A special place in heaven – Choose to Challenge
The theme for International Women’s Day this year is “choose to challenge”. One thing that women need to challenge is a popular belief that there is no problem in the current workplace. It is STILL a significantly uneven playing field. The issues are subtle but insidious. The centuries old paradigms of what are and are not “approved behaviours” for women still effectively add up to a silencing paradigm that makes women not want to speak or makes it hard to be heard when they do. When women are not heard, it can have massive repercussions: on their reputation, their progress, and their career. It is a major contributor to the fact that at entry level the work force is 50% women but by senior management level it is only 21%.
The reality is there are still double standards that mean if you are an assertive woman, you are labelled as aggressive, and if you respond strongly when being ignored, interrupted or spoken over then you’re labelled as a bitch, a ball-breaker and even worse descriptors.
The issues – interruption, ideas appropriation, judgement, criticism, micro-aggressions, unconscious bias – are mostly subtle so it is easy for women to be unaware of the problems and barriers they face. More than a glass ceiling, it is a glass wall that women frequently walk into – they do not realise what is in front of them until they bang into it! It is hard to challenge what you do not clearly see.
So, step one is to recognise the issues and step two is to deal with it. Not everyone is in a position to challenge issues head on, but one thing that can be challenged is the role of women’s groups. Many workplaces have them and many are helpful outlets for women to vent frustrations, but the challenge is what more can groups of women do to bring about actual change?
Madeline Albright was the first women to be Secretary of State in the USA, and she was famous for saying there was a special place in hell for women who fail to support other women. A more positive interpretation might be that there is a special place in heaven for those that do.
It’s much easier for women to support other women than for individuals to defend themselves. For example, if someone interrupts or talks over a woman, it can be hard for a woman to speak up and insist on being heard without being criticised, much easier if another woman says, “I don’t think Jane had finished her point. What was that again?” Given that it can be hard for women to be heard, other women can help amplify other women, giving them credit for their points, their solutions and achievements.
The BBC women’s group is a particularly good example of how effective women can be in helping each other equalise the playing field.
I spoke with Martine Croxall, BBC News presenter and National Union of Journalists representative, about how it started and how it works now.
“The group, now several hundred-strong, began with a letter signed by 44 women after the BBC high-earners list was published in 2017, showing that men were paid more than women for equal work. It started as a single-issue campaign for equal pay, but we soon realised there were other concerns to tackle: maternity discrimination, career progression, part-time working, lack of visibility for the work we do.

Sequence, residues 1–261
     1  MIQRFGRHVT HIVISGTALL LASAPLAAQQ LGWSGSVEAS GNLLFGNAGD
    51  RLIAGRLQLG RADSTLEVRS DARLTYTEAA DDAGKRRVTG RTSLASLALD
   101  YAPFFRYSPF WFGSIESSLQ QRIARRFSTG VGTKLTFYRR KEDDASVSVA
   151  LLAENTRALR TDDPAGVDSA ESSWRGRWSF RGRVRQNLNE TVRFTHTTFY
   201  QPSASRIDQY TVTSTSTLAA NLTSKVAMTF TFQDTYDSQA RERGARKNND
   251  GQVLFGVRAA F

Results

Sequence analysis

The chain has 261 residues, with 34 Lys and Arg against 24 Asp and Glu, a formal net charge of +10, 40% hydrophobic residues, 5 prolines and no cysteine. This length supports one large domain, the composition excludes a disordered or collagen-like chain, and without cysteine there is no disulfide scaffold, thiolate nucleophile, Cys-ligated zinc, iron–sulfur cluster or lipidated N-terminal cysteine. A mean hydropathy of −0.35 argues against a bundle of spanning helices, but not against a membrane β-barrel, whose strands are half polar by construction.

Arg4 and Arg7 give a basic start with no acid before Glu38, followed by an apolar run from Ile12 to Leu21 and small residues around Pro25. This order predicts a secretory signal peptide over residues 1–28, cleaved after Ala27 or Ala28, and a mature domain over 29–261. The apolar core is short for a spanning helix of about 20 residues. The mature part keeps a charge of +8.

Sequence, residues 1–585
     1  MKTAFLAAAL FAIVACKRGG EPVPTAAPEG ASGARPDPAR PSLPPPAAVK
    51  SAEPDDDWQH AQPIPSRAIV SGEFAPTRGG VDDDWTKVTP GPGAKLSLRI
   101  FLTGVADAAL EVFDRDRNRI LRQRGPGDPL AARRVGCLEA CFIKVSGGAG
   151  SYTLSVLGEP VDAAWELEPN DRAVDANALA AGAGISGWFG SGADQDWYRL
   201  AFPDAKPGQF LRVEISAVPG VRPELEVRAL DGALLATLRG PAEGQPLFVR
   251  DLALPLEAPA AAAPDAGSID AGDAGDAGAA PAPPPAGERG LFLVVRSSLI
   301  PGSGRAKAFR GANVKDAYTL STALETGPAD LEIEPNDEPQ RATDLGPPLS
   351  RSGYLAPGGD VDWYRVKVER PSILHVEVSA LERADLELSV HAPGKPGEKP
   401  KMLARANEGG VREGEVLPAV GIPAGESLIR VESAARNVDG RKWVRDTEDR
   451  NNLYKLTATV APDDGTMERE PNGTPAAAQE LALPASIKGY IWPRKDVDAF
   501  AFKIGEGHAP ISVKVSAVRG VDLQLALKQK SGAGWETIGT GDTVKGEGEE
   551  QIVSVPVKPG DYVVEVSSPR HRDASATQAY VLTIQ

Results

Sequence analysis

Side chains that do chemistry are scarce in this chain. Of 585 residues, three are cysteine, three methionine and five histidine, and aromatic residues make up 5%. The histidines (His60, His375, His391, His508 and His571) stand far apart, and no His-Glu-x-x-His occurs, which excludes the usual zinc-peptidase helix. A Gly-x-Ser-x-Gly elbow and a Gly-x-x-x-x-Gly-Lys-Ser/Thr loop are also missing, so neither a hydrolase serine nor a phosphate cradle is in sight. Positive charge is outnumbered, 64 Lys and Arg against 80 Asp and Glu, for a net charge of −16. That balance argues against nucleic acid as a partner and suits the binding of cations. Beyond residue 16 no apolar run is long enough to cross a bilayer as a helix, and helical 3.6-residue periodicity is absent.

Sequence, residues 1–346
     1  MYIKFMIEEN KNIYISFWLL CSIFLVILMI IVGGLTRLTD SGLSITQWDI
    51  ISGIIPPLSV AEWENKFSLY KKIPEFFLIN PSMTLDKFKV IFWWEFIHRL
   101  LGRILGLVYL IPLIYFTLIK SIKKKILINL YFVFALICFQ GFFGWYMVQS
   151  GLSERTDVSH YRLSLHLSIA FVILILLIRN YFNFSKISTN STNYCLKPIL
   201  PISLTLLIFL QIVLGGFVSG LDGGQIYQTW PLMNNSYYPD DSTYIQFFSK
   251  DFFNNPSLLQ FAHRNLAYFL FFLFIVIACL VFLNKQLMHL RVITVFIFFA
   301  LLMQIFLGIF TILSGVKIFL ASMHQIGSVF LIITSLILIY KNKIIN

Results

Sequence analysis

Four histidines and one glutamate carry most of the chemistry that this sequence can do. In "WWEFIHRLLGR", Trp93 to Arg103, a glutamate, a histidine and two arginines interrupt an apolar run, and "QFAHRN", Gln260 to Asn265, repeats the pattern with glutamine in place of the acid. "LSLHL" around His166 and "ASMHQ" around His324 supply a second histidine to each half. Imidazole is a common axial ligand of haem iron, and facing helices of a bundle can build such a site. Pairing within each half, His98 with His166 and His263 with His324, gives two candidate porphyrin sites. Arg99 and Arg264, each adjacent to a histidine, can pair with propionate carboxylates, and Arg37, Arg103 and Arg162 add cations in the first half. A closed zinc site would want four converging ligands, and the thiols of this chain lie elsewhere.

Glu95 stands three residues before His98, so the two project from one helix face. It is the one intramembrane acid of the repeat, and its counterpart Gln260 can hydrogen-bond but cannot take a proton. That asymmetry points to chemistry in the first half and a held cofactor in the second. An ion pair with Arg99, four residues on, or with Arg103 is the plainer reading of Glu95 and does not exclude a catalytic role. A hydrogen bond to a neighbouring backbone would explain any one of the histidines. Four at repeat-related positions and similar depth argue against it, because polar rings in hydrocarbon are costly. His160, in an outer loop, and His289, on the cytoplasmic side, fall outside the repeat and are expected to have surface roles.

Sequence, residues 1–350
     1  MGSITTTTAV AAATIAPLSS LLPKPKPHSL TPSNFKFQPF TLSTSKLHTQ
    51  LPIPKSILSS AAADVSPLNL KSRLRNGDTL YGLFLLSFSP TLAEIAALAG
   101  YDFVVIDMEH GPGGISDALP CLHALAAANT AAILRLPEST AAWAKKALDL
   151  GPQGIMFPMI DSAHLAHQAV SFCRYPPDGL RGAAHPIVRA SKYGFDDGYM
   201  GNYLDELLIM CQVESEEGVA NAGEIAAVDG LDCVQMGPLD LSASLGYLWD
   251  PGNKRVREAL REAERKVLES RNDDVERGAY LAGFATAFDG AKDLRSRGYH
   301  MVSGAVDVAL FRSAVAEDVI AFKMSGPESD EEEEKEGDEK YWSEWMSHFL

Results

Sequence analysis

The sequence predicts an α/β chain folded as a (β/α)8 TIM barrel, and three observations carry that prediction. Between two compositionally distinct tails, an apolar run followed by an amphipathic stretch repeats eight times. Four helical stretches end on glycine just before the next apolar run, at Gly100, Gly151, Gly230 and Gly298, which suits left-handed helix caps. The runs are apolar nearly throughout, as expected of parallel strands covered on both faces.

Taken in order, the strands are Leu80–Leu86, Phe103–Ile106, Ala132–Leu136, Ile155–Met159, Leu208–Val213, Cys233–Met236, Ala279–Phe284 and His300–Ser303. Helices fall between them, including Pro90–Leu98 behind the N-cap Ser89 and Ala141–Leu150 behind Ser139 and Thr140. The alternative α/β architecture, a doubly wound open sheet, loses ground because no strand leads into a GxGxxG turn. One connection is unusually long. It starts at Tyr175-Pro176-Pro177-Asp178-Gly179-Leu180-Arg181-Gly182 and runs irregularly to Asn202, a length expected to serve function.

From the start, we wanted to be more than a women-only confidential space in which to offload worries and to have a moan, as important as that is. Without a mission and purpose, such a group can quickly become an echo chamber. We wanted to be part of bigger conversations, as that is where decisions get made and that includes men.
We soon realised that we could share our knowledge of equalities legislation and other employment laws as members fought their pay battles and faced workplace problems. We could accompany each other to internal hearings, propping each other up when the process took its toll.
Women often find it difficult to talk about their own successes for fear of seeming immodest. Much easier then for us to promote each other’s work, perhaps on social media so it reaches a wider audience. We also collaborate on news stories, help each other generate programme ideas, share interview contacts and alert each other to job opportunities. Perhaps best of all, we have all got to know colleagues from across the BBC whom we would not normally have met, and new friendships have formed from the network.
There are also a growing number of male colleagues who are willing to promote, champion and amplify what women do as allies in the pursuit of equality. We set out to be more than a talking shop – while there’s more to do, we have certainly achieved that.”
The BBC women’s group are a great example of creating a significant role for women’s organisations in the workplace. They also illustrate that choosing to challenge is much easier when you have safety in numbers.
About the Authors
Patricia has a broad and deep experience of being a woman in the workplace. This was initially working in senior sales management and latterly has been as a consultant. Patricia has always been a passionate advocate of gender balance in the workplace and has recently published a book called “She Said! “which is a practical handbook for women speaking and being heard, overcoming the silencing drivers and unconscious bias in organisations.
Martine worked for BBC Radio Leicester from 1991 presenting and reporting. Martine’s first television work was for the BBC’s regional news programme, East Midlands Today. She then worked for BBC Newsroom South East in 1997 and now is a BBC News Channel presenter. A sought-after event host and a NUJ rep campaigning for equal pay.